The Last of the Lascars: Yemeni Muslims in Britain 1836-2012
By Mohammad Seddique Seddon
Kube Publishing Ltd, 2014. 328 pp.
Of the many diverse people of the Arab world, the Yemenis present a fascinating case. A nation with an epic past and present, tribal in character, built upon a seafaring culture of exploration, trade and migration, Yemen and the port of Aden serve as one of the great ‘crossroads of the world’, sandwiched between the Arabian Peninsula, Africa and the Indian Subcontinent. In a new book entitled “The Last of the Lascars: Yemeni Muslims in Britain 1836-2012,” Mohammad Seddique Seddon tells the story of the Yemeni seamen who labored aboard the British trade ships of the East India Company and settled in Britain. It examines their history and experiences, relating the stories of the generations that remained. Who are the Yemenis of Britain? From where did they originate and why did they settle there? The author carefully considers these and other questions.
The British used the term Lascar to describe any sailor of ‘oriental’ descent—Malay, Indian, Arab or otherwise. From 1839, when the British East India Company captured of the Port of Aden, up until the present day, Yemeni Lascars have served on British ships transporting goods around the world. In the port cities of Cardiff, Liverpool and Manchester, communities formed among the squalid ‘coloured only’ lodging houses as early as 1840. These first immigrants faced extreme prejudice and racism in British society,and remained isolated, yet networks of boarding houses and small cafés provided for their cultural and religious needs. Later, Yemeni enclaves emerged as the sailors and their descendants found more stable employment in the ports and docks around Britain.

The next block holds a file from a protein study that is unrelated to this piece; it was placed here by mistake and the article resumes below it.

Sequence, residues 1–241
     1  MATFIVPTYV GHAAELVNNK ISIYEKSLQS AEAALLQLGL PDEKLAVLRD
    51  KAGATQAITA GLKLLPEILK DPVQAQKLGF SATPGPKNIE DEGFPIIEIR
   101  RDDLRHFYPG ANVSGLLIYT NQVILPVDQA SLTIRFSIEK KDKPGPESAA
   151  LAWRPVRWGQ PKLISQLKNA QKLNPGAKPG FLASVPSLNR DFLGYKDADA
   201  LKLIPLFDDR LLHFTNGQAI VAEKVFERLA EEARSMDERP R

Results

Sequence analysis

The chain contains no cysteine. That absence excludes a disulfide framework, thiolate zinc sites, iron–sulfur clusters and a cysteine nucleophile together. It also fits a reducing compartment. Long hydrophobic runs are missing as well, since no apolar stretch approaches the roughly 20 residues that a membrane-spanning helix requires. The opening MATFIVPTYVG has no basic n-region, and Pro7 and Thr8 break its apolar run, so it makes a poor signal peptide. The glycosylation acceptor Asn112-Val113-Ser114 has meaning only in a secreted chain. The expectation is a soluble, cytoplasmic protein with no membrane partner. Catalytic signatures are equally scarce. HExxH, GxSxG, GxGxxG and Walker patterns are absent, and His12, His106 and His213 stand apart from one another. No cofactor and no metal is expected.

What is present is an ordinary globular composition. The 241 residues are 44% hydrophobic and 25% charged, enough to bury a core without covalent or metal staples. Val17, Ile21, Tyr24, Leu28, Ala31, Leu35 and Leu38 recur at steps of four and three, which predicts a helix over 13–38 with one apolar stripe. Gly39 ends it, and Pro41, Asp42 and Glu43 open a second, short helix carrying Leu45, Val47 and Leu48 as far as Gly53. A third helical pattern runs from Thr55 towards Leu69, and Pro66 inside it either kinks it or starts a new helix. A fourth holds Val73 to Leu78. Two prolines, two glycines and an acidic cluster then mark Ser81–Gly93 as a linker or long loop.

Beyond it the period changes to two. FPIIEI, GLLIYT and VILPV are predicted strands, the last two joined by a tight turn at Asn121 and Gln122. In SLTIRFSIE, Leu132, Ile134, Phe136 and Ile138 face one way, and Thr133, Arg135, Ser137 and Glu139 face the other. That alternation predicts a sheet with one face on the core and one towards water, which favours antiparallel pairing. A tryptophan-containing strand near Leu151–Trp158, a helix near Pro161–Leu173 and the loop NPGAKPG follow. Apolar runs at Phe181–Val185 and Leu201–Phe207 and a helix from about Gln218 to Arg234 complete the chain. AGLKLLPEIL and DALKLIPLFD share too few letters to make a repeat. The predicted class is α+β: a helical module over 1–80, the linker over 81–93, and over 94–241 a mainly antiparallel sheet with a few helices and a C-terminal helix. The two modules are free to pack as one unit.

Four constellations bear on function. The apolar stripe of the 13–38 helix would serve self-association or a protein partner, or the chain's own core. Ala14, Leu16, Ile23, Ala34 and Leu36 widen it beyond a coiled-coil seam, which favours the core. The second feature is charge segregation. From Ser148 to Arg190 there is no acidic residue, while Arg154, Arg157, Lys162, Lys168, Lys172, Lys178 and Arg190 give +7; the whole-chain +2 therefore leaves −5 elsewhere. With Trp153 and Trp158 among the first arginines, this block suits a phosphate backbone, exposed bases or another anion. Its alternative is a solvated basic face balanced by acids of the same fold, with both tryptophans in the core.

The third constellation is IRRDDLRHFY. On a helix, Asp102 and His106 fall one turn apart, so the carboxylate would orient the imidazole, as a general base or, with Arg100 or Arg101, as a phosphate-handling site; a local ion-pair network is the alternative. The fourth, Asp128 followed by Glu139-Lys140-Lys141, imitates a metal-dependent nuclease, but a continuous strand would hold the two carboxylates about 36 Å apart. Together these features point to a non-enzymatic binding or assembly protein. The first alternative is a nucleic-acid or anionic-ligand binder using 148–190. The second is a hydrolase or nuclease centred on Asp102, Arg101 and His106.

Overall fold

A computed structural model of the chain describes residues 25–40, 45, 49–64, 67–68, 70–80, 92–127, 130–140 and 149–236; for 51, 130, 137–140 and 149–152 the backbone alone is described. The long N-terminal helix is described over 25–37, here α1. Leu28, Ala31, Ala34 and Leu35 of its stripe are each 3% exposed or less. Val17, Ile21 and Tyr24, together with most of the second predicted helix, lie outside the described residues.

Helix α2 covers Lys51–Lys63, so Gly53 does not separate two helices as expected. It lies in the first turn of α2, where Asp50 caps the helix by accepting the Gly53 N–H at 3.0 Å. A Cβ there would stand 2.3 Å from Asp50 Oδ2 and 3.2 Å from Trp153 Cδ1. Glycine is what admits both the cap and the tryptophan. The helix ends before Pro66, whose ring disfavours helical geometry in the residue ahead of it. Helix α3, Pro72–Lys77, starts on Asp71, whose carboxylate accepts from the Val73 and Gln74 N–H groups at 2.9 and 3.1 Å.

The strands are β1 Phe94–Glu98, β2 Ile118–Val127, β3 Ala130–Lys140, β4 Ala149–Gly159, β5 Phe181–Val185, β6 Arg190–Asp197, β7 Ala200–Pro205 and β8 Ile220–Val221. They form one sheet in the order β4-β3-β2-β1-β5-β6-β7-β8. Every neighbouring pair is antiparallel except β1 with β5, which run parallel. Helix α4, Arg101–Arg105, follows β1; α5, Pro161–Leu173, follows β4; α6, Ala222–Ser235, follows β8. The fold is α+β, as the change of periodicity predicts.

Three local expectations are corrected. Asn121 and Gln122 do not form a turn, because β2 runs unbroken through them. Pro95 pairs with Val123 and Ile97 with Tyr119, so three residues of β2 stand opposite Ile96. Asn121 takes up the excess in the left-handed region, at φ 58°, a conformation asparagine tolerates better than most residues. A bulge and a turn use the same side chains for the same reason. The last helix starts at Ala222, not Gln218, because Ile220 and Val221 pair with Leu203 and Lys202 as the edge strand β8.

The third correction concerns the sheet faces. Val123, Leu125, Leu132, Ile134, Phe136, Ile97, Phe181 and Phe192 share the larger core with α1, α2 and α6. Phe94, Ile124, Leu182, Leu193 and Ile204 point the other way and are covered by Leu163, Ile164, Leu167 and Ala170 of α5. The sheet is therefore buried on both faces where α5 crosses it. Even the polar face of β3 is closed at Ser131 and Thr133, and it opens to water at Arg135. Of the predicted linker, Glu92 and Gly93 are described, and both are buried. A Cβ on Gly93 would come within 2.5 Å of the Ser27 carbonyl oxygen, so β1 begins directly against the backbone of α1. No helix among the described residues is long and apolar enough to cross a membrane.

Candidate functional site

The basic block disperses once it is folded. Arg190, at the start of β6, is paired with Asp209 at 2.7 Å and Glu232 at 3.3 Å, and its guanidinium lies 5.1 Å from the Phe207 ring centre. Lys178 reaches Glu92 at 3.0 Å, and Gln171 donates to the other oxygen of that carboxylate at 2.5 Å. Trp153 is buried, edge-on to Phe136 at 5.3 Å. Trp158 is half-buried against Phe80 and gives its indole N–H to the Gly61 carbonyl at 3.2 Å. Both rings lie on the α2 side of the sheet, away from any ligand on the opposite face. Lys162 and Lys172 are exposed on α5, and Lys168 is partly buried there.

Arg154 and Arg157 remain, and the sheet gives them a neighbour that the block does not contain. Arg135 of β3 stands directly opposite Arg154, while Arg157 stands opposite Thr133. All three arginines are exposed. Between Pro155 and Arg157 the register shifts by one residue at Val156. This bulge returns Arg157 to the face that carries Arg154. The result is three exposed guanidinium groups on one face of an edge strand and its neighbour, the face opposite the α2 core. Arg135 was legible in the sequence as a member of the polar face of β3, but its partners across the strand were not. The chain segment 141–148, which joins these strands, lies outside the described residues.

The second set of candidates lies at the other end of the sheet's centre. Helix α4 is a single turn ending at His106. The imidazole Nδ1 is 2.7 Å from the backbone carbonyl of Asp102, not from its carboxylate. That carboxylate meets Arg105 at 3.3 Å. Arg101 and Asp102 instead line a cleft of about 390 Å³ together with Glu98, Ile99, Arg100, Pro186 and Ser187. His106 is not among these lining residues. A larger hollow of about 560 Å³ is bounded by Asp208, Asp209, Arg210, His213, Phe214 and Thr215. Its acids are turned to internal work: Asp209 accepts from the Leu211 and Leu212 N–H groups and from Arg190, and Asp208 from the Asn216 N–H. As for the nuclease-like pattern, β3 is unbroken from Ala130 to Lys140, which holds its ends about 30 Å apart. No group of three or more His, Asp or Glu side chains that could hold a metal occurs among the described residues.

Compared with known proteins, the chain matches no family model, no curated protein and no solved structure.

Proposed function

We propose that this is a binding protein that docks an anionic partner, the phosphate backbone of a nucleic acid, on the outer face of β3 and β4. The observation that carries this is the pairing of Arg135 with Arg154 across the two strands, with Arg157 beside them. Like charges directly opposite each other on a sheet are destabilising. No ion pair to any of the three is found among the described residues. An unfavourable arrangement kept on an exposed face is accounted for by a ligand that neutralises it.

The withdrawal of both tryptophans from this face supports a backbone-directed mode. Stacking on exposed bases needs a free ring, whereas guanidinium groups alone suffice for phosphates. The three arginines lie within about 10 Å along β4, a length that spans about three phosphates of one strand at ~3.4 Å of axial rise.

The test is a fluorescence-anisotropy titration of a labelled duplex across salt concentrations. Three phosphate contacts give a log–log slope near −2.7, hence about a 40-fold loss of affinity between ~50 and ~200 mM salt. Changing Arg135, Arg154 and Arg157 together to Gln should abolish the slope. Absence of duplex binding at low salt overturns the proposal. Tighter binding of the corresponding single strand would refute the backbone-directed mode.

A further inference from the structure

As second class citizens, these people proved socially ‘invisible,’ yet often chose isolation as a means maintaining their tribal and religious traditions. The book describes the Yemeni Lascar families and communities that have perservered and still flourish in Britain today. It touches upon their social conditions, the civil rights and religious controversies that affect them, and describes their interactions with mainstream British society.
A fascinating read, and one that might sound familiar to many of Arab descent, "The Last of the Lascars," proves an excellent book and is highly recommended.
This review is scheduled to appear in Al Jadid, Vol. 20, No. 71.
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